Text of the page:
You know what's not a great way to deal with stress: adding a starred email in your gmail reminding yourself to blog about stress.
This week has been both expectedly and unexpectedly busy. I knew the house hunt would keep me busy, but somehow other things kept happening and I ended up having 4 major things on my mind yesterday and today. And by 'major things' I do mean potentially life-changing things, even if that particular potential isn't very large. The house thing went away today as I officially decided not to make an offer on an apartment that was borderline perfect, but too pricey for what it was. Two other things I won't mention by name here, but one of them had its priority lowered as it's going to be a long-term thing, and the other thing I'm hoping to resolve tomorrow. Bloody hell.
The final thing is, oddly enough, my girlfriend being on holiday. She's out of internet range and I've gotten so used to sending her dumb chat messages throughout the day that I find myself oddly unrelaxed. This usually lasts only a few days, and consciously realizing this today kind of nullified it. Which is nice for now, and she'll be back soon anyway.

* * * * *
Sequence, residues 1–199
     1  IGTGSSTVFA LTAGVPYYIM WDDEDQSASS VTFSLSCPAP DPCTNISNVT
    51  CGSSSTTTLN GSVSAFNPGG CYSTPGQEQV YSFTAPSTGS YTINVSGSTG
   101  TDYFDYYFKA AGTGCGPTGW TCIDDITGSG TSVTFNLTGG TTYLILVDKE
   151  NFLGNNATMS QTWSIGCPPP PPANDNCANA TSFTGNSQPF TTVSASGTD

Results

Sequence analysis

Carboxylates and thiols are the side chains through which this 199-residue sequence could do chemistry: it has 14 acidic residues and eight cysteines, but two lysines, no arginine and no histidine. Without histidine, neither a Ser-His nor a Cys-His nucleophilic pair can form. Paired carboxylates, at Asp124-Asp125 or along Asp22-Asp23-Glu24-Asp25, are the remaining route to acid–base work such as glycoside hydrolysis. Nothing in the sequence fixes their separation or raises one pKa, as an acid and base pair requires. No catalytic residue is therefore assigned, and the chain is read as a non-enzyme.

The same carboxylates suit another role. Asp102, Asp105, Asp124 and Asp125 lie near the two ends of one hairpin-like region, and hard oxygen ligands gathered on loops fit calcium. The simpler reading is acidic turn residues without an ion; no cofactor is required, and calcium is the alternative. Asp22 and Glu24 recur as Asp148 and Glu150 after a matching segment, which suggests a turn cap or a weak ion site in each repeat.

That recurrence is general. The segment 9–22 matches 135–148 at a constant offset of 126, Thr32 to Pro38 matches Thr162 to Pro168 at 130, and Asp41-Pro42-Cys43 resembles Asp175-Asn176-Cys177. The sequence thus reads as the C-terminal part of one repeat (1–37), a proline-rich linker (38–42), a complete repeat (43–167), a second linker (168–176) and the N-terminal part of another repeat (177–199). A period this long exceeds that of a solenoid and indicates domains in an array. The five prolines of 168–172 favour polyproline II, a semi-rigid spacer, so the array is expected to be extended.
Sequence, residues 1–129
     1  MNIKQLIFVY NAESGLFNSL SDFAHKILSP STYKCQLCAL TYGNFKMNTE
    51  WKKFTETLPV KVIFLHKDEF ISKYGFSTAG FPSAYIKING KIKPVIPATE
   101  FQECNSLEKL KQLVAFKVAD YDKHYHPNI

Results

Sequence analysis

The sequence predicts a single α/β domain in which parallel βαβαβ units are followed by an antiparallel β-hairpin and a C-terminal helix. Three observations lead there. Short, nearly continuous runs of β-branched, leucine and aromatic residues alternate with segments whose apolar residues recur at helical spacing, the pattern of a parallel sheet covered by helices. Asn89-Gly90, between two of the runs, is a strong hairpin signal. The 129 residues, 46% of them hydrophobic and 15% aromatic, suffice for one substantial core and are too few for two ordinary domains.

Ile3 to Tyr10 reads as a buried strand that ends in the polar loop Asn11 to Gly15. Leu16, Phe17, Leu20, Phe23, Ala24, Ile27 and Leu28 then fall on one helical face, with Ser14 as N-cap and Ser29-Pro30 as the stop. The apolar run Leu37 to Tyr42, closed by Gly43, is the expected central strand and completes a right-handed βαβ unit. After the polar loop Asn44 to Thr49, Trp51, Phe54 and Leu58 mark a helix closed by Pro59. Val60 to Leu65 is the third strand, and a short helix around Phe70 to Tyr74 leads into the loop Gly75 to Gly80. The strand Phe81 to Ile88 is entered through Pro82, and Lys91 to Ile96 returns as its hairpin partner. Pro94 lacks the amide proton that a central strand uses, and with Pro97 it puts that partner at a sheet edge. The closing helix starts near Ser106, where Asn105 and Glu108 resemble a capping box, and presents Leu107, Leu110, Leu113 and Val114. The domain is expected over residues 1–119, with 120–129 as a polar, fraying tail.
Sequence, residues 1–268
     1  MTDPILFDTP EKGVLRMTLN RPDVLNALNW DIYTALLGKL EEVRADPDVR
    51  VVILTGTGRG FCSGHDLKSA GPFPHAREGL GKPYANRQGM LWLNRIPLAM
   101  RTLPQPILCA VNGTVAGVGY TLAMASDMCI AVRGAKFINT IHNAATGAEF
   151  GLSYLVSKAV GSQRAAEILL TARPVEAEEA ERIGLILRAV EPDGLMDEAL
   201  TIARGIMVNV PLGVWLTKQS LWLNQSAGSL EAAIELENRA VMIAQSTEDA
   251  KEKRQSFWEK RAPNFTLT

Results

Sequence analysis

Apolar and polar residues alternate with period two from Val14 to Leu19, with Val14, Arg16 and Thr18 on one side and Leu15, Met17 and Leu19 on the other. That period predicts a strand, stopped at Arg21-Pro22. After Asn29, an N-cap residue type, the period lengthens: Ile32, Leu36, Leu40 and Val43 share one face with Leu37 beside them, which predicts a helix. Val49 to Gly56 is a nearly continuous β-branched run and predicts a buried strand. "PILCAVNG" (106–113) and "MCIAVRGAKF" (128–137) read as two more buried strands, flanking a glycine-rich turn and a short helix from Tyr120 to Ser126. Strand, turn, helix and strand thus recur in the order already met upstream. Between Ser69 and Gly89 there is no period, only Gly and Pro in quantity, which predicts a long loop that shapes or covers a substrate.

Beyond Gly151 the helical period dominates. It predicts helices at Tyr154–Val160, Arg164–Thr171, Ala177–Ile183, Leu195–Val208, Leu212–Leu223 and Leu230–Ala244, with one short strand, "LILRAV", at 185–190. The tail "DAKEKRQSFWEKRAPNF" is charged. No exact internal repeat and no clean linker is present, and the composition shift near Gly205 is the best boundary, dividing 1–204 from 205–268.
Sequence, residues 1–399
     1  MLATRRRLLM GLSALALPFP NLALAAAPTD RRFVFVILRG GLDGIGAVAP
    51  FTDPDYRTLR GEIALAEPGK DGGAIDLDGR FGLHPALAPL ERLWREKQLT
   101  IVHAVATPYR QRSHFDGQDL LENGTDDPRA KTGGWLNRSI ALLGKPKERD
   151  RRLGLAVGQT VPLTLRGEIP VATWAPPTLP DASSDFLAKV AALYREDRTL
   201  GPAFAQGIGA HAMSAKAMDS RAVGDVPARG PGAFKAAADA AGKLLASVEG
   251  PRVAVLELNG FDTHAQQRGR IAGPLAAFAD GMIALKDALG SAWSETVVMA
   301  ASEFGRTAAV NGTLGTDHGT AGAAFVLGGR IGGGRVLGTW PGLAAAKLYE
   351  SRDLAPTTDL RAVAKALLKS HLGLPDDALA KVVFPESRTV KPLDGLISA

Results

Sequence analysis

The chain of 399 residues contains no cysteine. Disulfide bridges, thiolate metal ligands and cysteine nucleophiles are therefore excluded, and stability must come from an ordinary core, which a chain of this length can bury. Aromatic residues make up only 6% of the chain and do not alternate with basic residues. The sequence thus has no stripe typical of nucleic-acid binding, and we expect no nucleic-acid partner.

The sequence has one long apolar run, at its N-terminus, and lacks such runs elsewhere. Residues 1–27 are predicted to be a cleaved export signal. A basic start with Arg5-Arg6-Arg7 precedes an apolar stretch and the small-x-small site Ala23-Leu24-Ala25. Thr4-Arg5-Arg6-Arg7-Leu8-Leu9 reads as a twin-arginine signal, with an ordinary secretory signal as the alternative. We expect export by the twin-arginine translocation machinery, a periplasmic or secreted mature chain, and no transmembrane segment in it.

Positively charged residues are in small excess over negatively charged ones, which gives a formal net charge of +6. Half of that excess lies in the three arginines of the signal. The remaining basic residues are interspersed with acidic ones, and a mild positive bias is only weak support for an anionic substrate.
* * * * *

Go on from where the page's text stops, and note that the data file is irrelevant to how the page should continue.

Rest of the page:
It's less than a week since I wrote about happiness and blenders, yet this post and my mindset of the past few days seems miles away from what I wrote back then. Keeping perspective is important but becomes more and more difficult as things pile up. I know I've about reached my limit this week, but I also know that I didn't make any rash decisions and managed to keep things sane. The more often I do this, the better I'll get at it. I hope.
I can't help but think back at the moments of ultimate calm in my past, only attainable on cycling trips without a schedule. Actually, it's even more specific than that: I only ever felt ultimately calm during the one cycling trip, the first Spirit of Japan. It was the only time where I was completely unbound and free, with no schedule or plan for the future, cycling from place to place on the cheap with no immediate risk of money running out and no greater ambition than finding a nice place to put my tent for the night. The incredible purity of that feeling is something I will never experience again in my life. Because I've already experienced it once, and I have a proper life now to get back to that I wouldn't give up for anything. Even if I did, it wouldn't be the same, because it wouldn't be the first free cycling trip; it would be the second. That feeling of utter freedom is one I gladly re-experience in my mind from time to time, remembering how I became the person that I am now. The me of now has no regrets about the past.
Ah, what a great feeling that was. Just writing about it has de-stressed me.